The UK’s coastal communities are among the country’s worst off for earnings, employment, health and education, a report for the BBC has found.
The Social Market Foundation said the economic gap between coastal and non-coastal places has grown.
Average wages are £3,600 a year lower in these “pockets of deprivation”, according to the think tank.
Meanwhile, the minister for coastal communities has announced £40m in funding to help coastal areas.
The report, produced for BBC Breakfast, found that five of the 10 local authorities in the UK with the highest unemployment rate for the three months to March 2017 were coastal.
These were Hartlepool, North Ayrshire, Torridge, Hastings, South Tyneside and Sunderland.
It also found those in employment in coastal areas were likely to be paid less.
Of the 98 local authorities on the coast, 85% had pay levels below the UK’s average in 2016.
In terms of health, 10 of the 20 local authorities in England and Wales with the highest proportion of people in poor health are coastal: Neath Port Talbot, Blackpool, Bridgend, Sunderland, Barrow-in-Furness, Carmarthenshire, East Lindsey, South Tyneside, County Durham and Hartlepool.
And the two local authorities in England and Wales with the smallest proportion of over-16s holding level four and above qualifications [certificates above A level] are Great Yarmouth in Norfolk and Castle Point in Essex.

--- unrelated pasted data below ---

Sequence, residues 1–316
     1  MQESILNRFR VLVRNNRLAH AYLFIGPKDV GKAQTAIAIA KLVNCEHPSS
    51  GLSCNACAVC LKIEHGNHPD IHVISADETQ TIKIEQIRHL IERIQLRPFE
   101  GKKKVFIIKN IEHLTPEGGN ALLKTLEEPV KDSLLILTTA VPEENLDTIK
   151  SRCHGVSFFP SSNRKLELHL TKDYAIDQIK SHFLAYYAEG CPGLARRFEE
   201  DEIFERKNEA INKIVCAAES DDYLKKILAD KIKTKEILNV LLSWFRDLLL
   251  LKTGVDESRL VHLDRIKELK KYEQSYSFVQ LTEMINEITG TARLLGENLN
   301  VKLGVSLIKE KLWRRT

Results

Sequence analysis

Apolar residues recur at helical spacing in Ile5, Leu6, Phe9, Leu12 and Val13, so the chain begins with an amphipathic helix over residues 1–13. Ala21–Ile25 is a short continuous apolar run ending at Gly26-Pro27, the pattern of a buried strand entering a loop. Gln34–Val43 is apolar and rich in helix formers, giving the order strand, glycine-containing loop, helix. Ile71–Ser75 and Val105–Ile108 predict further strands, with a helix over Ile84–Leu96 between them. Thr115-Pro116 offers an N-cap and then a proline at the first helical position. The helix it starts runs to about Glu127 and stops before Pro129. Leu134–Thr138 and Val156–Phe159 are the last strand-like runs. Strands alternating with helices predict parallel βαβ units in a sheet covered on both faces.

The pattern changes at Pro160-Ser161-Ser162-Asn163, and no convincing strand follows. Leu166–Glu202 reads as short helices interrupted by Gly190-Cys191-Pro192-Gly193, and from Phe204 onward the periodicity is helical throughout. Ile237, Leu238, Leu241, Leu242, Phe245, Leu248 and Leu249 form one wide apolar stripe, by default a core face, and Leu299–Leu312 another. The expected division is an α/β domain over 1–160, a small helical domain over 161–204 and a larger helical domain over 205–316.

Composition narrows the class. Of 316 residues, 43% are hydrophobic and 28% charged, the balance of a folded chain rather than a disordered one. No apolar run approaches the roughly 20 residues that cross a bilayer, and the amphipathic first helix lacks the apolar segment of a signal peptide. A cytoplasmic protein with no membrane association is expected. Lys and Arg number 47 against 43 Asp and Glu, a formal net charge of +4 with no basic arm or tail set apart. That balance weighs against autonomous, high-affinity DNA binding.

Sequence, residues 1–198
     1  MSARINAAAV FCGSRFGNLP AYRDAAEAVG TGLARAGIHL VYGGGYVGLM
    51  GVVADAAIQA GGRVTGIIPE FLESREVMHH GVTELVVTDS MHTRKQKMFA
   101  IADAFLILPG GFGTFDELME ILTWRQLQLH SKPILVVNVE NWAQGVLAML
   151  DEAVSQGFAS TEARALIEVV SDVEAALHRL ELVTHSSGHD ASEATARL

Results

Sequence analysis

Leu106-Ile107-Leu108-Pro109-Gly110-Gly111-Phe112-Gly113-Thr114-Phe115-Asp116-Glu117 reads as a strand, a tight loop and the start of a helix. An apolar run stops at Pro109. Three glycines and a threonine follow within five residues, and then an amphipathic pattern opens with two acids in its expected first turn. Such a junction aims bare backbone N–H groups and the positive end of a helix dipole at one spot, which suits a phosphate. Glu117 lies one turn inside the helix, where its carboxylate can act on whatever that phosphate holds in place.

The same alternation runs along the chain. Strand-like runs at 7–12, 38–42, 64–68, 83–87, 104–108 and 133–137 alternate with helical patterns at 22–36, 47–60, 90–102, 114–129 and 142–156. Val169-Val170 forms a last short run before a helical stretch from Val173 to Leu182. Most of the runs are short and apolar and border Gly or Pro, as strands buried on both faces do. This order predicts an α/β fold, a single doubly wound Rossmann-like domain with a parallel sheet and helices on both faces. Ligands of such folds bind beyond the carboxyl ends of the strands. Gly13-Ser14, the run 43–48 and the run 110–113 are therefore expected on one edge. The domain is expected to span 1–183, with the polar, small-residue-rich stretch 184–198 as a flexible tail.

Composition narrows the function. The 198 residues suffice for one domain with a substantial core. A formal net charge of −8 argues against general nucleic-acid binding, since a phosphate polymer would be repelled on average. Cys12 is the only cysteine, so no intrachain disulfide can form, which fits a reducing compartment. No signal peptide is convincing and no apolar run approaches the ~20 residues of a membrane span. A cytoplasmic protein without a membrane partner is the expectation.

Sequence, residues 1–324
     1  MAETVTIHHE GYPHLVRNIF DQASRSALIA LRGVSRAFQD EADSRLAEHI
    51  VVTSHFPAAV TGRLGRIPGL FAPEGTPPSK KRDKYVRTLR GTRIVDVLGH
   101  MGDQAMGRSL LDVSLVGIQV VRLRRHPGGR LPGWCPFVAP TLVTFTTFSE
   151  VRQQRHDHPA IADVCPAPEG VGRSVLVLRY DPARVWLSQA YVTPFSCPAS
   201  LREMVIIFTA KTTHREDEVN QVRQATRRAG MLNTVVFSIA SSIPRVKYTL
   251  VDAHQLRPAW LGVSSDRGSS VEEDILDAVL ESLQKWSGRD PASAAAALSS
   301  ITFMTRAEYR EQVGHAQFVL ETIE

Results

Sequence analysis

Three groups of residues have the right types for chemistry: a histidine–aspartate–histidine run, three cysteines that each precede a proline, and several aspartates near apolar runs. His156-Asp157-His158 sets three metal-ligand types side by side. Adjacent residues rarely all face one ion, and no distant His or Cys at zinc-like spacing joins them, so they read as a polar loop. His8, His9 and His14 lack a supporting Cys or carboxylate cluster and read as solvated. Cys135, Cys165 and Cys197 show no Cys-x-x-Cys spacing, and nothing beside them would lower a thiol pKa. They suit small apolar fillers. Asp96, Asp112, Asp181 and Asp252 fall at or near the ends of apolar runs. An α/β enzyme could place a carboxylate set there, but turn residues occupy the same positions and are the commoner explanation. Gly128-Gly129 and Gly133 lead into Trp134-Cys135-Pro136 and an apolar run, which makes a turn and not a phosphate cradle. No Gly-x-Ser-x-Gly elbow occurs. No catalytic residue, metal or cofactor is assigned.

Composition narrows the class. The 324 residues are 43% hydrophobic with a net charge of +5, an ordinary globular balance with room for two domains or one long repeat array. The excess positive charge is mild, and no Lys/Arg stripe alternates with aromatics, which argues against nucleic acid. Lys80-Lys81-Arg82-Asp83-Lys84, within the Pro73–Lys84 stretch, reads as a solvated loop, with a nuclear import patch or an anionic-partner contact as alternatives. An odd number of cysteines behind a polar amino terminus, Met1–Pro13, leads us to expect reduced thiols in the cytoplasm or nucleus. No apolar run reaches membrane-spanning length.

Report author, SMF chief economist Scott Corfe, said a lack of local job opportunities and poor transport links contribute to badly-performing economies.
There is currently no official definition of a coastal community, which the SMF believes is a problem.
For its analysis the SMF defined them as a local authority area with a coastal border.
“Despite the evident social and economic problems these places face, there is currently no official definition of a ‘coastal community’,” Mr Corfe added.
“The government needs to do more to track – and address – economic problems in our coastal towns.”
The SMF warned that some areas – particularly in the South East – “are pockets of significant deprivation surrounded by affluence – meaning their problems are often overlooked by policymakers”.
The report found the economic gap between coastal and non-coastal areas has widened from 23% to 26% from 1997 to 2015.
Meanwhile, the government announced on Monday that it was providing £40m for coastal areas from the Coastal Communities Fund.
Having launched in 2012, it has so far provided £170m for 278 projects across the UK in five rounds of funding.
Some of the projects to have received funding include a new conference centre in Blackpool’s Winter Gardens and improvements to Southport Pier.
Coastal Communities Minister Jake Berry said: “From the world-renowned Blackpool illuminations to Brighton’s i360, our coastal towns and cities have a lot to offer all year round.
“This year is already looking like another record year for staycations and our latest round of funding will help attract even more visitors to the great British coast so that our coastal communities can thrive.”